Drew is able to nominate up to four students per year for the scholarship, two sophomores and two juniors. Physics was well represented this year with the sophomore nominees being Christina Aragona and Katie Rolfe. Our congratulations to them as well for being nominated by Drew and participating in the lengthy application process. The fourth Drew nominee, junior Holly Kuzmiak, also won a scholarship. Holly is a biochemistry major. All in all, it was a very good Goldwater year for Drew!

2001

McGee Awarded NSF Grant

The Drew Physics Department is pleased to announce that Associate Professor David McGee has been awarded a National Science Foundation (NSF) grant for continuation of his research in the area of nonlinear optical polymers. Competition for the grants is keen, with only 30% of all submitted proposals receiving funding. The 3-year $135,000 award is earmarked as a Research in Undergraduate Institutions (RUI) grant. The RUI program was initiated by NSF in an effort to foster fundamental research at mainly undergraduate degree granting institutions. RUI proposals must demonstrate that students will be employed as research assistants for the duration of the grant, and that they will benefit from the experience.

The research supported by the grant will involve the fabrication and testing of novel nonlinear optical polymers that exhibit what is referred to as photorefractivity. By illuminating the polymer with laser light, it is possible to control the propagation speed of subsequent light beams through the material, creating in effect light-controlled diffraction gratings. While these polymers have the potential to steer optical beams and store holographic images, it has been a challenge to develop materials that have the response time and long shelf-life necessary to be compatible with modern high-speed electronics. In coming years, McGee hopes to make strides that will aid the fabrication of increasingly efficient and stable photorefractive materials.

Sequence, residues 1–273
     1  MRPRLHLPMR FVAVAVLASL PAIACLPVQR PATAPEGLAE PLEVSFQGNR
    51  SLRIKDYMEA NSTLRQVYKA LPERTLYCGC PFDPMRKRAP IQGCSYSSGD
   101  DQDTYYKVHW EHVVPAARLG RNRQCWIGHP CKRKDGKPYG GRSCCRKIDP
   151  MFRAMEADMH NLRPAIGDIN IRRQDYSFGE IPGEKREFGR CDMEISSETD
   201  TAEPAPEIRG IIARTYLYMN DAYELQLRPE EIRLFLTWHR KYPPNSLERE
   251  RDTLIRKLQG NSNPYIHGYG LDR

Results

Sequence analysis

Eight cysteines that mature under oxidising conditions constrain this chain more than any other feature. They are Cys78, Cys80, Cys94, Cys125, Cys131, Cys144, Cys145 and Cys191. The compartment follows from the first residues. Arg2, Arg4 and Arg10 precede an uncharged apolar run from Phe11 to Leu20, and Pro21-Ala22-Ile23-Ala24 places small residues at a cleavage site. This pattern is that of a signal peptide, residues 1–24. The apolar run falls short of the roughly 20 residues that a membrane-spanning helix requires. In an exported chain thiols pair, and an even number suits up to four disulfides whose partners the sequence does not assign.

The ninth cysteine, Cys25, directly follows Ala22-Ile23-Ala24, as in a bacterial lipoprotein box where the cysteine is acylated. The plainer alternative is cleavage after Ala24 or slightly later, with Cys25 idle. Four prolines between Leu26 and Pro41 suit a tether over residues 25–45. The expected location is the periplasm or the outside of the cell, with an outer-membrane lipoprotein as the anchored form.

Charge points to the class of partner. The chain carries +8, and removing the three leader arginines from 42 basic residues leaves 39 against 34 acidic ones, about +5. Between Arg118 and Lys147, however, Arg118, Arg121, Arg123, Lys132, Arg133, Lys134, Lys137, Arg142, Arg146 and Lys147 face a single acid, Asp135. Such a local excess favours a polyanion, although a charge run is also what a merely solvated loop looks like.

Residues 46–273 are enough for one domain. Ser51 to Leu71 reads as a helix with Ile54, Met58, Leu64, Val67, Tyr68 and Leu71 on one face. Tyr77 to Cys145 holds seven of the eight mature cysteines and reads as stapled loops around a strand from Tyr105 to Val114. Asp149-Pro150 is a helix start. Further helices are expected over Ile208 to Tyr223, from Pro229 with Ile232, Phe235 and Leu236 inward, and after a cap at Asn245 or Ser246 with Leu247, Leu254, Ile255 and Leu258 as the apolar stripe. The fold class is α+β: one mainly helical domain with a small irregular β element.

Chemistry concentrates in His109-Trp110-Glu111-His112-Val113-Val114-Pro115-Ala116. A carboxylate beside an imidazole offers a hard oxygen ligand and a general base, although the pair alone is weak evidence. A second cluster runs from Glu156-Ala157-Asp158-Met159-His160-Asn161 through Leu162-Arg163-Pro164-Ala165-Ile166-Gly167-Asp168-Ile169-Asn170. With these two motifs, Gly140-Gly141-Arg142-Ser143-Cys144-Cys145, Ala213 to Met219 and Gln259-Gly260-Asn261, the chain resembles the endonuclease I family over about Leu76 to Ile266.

Perhaps those who stand to benefit most from the RUI grant are present undergraduates and incoming students. Funds from the grant will be able to support physics and chemistry students seeking to conduct independent studies or honors theses in this area of research. McGee will mentor six students over the next three summers with students receiving free housing at Drew and a $3500 stipend over the course of an 8 to 10 week period. It is expected that results from this work will lead to publications in peer-reviewed research journals, and presentations at professional meetings.